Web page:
ON SNOW VOLUME RECOMMENDATIONS:
- Minimum four days per week and an additional one to two days to promote skiing five to six days per week when possible throughout the ski season.
- Providing a quality sport experience for the ski racer is of utmost importance. All activities should provide the appropriate level of challenge while maintaining an element of fun to build the ski racer while optimizing the engine and instilling a love for ski racing.
- Competition environments, venues and course sets, should promote racing allowing ski racers to push their limits while carving on the outside ski and skiing as fast as possible from start to finish.
- The ski racer strengthens their ability to define their line and tactical approach to be used in competition in partnership with their coaches. Ski racers are encouraged to develop their inspection skills during training and competition.
- Ski racers are encouraged to practice their starts including the use of team event and ski cross start gates. Ski racers should also practice starting while wearing super giant slalom and downhill length skis. Race to the first gate!
- Gate environments should be set according to the FIS course setting guidelines.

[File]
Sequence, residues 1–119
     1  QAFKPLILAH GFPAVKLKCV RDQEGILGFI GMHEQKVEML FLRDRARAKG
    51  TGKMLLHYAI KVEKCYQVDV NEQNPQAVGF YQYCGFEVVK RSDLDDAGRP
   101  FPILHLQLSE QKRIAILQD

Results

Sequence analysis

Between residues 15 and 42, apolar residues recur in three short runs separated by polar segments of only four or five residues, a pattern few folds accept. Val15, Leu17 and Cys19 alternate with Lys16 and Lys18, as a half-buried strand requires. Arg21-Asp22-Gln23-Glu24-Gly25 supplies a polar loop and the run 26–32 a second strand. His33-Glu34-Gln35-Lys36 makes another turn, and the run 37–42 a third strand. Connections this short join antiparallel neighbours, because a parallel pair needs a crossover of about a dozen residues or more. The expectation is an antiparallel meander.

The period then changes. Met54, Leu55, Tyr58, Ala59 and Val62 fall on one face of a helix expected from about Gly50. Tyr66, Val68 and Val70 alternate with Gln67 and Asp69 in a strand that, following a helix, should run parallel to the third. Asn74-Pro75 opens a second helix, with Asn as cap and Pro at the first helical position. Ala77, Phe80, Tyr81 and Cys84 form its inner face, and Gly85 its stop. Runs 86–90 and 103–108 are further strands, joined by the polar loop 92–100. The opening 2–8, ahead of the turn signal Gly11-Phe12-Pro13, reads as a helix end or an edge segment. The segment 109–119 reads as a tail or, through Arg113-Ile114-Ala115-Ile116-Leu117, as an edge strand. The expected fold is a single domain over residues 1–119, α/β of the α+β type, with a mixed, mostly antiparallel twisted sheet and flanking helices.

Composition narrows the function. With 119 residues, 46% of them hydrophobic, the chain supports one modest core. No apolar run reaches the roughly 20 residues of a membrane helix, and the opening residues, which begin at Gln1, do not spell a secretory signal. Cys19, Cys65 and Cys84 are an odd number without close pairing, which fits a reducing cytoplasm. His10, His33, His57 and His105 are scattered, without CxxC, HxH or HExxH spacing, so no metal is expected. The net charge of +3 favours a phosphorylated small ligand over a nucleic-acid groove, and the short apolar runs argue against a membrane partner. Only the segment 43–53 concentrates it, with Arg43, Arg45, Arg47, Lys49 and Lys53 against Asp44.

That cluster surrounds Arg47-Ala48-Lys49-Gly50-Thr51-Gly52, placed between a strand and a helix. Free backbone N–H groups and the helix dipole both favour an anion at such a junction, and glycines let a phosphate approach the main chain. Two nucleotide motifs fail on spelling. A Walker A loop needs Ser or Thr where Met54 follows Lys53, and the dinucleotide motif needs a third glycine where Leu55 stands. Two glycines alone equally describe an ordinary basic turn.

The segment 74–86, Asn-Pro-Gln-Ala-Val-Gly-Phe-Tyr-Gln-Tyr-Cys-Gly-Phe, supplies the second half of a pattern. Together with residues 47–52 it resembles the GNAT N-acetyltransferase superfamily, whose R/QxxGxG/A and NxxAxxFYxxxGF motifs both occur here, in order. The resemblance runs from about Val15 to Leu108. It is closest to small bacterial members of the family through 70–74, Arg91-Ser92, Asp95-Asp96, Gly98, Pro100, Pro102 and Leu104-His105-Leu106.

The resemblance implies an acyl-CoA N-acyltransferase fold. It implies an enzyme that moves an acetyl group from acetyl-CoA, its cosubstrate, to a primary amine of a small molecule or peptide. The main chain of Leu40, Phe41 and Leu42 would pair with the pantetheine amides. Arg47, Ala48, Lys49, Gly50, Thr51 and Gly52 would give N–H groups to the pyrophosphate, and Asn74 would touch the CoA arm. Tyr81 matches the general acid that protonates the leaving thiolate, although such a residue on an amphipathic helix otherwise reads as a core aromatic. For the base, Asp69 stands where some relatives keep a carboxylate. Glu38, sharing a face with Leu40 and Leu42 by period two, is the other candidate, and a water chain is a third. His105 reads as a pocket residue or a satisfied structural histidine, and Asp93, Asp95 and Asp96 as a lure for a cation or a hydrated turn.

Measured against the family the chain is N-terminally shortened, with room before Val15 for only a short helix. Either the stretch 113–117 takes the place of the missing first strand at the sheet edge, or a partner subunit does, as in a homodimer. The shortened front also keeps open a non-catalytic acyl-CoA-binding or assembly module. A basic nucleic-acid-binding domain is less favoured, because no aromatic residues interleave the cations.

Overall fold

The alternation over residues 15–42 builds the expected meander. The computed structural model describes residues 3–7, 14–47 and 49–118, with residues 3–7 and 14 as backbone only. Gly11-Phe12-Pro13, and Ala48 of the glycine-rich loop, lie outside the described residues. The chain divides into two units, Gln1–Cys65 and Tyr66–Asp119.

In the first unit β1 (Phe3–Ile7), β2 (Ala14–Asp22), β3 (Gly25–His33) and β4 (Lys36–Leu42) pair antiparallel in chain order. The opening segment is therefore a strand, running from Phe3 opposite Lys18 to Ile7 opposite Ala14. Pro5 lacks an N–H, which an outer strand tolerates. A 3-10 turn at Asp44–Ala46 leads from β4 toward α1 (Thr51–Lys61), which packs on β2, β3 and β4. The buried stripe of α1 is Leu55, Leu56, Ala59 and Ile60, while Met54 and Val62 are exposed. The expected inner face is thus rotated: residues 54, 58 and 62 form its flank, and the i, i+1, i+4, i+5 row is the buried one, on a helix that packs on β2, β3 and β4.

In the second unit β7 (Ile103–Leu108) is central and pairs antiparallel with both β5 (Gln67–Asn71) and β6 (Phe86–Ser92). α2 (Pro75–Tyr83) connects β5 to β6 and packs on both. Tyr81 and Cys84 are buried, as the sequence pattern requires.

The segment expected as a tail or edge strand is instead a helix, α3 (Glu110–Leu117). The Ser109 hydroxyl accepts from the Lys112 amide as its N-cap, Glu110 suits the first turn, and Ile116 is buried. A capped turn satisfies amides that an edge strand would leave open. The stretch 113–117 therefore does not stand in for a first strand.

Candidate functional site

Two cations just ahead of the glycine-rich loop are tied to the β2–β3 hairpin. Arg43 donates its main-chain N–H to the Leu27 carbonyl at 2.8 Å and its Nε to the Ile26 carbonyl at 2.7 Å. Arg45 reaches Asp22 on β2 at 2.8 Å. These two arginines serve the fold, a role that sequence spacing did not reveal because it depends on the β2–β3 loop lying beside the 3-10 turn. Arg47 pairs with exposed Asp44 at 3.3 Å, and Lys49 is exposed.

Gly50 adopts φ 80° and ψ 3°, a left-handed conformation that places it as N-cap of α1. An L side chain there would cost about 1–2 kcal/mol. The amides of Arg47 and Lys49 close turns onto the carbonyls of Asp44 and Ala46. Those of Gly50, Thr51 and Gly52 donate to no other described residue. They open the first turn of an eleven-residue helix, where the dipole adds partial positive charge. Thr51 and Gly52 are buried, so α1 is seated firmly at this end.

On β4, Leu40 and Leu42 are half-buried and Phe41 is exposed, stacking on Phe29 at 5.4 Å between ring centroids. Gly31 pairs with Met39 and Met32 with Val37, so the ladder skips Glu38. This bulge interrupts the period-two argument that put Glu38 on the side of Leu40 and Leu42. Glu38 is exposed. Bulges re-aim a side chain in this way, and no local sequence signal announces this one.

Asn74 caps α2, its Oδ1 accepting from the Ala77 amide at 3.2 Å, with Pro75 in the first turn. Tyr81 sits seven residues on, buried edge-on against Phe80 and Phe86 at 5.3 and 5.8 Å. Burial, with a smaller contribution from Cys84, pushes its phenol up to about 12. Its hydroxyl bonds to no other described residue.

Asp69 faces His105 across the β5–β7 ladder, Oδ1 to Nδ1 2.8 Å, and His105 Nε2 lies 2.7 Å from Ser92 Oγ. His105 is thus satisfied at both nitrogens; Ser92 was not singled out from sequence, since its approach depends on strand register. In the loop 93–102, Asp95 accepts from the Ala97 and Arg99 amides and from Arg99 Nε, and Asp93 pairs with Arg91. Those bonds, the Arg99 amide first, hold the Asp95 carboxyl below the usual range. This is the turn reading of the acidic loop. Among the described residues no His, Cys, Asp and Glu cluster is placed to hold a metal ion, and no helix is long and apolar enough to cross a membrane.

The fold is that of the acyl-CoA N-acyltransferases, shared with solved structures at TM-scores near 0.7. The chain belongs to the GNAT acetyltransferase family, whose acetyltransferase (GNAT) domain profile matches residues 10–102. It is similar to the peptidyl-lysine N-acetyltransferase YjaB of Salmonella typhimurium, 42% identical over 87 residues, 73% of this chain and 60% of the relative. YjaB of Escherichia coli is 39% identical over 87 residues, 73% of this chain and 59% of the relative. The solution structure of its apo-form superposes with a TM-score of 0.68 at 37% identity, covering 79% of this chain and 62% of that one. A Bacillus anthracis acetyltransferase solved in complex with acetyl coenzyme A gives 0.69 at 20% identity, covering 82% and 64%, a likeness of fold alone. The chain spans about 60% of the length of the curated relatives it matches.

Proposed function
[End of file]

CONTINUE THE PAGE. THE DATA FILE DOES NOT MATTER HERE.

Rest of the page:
- Drills and courses at the Train to Race stage should match the skill level of the ski racer to promote the proper level of challenge and promote the development of a winning style of play.
- The ski area is the playground: 35% of the time on-snow should be (structured and unstructured) freeskiing.
GENERAL TRAINING INCLUDES TECHNICAL FREE SKIING, DRILLS, AND COURSEWORK TO APPLY FOUNDATIONAL TECHNICAL SKIING SKILLS IN VARIOUS TACTICAL SITUATIONS.
- Time on-snow should include gate training environments and structured and unstructured training, technical freeskiing, skiing in bumps, steeps, terrain parks, trees, and off-piste to encourage the development of spatial awareness, action and reaction, adaptability, balance and athleticism on skis.
- Course sets should be set both rhythmically and arrhythmically utilizing a variety of terrain including rollers, small wave tracks and spines. Include delays and combinations.
- Courses should test the broadest range of ski technique, changes of direction, and utilize different radii turns to promote the development of adaptability and athleticism on skis.
- Course sets should test the ski racers inspection skills and their ability to look ahead.